make install;

some notes to myself



pfSense & Ubuntu/Strongswan for VPN

Written on February 23, 2017

Given the current political climate and the dim future for the FCC’s broadband privacy rules, I decided to set up my pfSense box so that internet traffic gets routed over an IPsec connection to a remote Ubuntu VM. This will help to conceal browsing information from my ISP. I also disabled the auto-generated outbound NAT rules so that if the VM goes down, traffic won’t get automatically directed in the clear through my ISP. Currently I am using DigitalOcean but given that they could log traffic under the same laws as Comcast (I am definitely not a lawyer, but sometimes it’s best just to assume to the worst), I will likely end up choosing a provider based in Europe.

The details for the pfSense side…

Go to VPN / IPsec / Tunnels / Phase 1:

Key Exchange version: V2
Internet Protocol: IPv4
Interface: WAN
Remote Gateway: IP of Strongswan server

Authentication Method: Mutual RSA
My identifier: My IP address
Peer identifier: Peer IP address
My Certificate: #select cert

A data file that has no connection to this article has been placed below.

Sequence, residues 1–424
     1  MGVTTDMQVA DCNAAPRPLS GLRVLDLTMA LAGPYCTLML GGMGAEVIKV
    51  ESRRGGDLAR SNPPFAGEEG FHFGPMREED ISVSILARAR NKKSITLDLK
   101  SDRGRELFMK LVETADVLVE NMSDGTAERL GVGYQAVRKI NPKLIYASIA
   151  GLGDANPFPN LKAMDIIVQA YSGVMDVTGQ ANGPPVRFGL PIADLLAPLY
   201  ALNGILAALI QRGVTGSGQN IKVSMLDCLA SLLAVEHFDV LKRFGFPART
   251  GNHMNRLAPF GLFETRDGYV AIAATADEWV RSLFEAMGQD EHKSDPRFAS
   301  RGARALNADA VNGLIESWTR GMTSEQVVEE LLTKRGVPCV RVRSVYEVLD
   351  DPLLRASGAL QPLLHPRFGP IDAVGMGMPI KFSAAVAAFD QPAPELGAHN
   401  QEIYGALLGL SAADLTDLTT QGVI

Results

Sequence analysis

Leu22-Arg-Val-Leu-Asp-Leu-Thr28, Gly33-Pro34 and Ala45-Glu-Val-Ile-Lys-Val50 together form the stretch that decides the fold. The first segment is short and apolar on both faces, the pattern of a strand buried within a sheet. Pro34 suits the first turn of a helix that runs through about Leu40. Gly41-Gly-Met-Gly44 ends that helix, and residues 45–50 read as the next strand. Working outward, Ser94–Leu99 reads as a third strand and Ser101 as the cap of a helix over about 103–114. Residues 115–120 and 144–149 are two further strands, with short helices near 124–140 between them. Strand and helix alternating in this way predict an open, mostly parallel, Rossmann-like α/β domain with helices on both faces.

Peer Certificate: #select CA

Encryption Algorithm: AES256-GCM 128 bits
Hash Algorithm: SHA512
DH Group: 18 (8192 bit)

Go to VPN / IPsec / Tunnels / Phase 2:

Mode: Tunnel IPv4
Local Network: OPT2 subnet
NAT/BINAT translation: None
Remote Network: Network

Protocol: ESP
Encryption Algorithms: AES256-GCM 128 bits
Hash Algorithms: SHA512
PFS key group: 18 (8192 bit)

Go to Firewall / NAT / Outbound and select “Manual Outbound NAT rule generation. (AON - Advanced Outbound NAT)”. Then, disable the rules corresponding to the subnets using the VPN (in my case, these are the OPT1 and OPT2 subnets).

On the Ubuntu server, create a new user & group and build strongswan so that the IKE daemon drops privileges after starting:

./configure --prefix=/usr/local --sysconfdir=/etc --with-user=ustrongswan --with-group=ustrongswan --enable-aesni --enable-gcm --with-capabilities=native

Ubuntu server’s /etc/ipsec.conf:

config setup
        # strictcrlpolicy=yes
        # uniqueids = no

conn %default
    left= #server's IP

conn opt1-vpn

conn opt2-vpn

Add firewall rules for forwarding traffic:

sudo iptables -t nat -A POSTROUTING -s -o eth0 -j MASQUERADE
sudo iptables -A FORWARD -d -j ACCEPT
sudo iptables -A FORWARD -s -j ACCEPT
sudo iptables -t nat -A POSTROUTING -s -o eth0 -j MASQUERADE
sudo iptables -A FORWARD -d -j ACCEPT
sudo iptables -A FORWARD -s -j ACCEPT

To enable IPv4 forwarding, make sure the below in /etc/sysctl.conf is uncommented.

# Uncomment the next line to enable packet forwarding for IPv4

Then run ‘sudo sysctl -p’.

If you find that some websites are loading and others aren’t, you may be running into MTU issues. You can confirm by setting it to something lower:

ip link set dev eth0 mtu 1472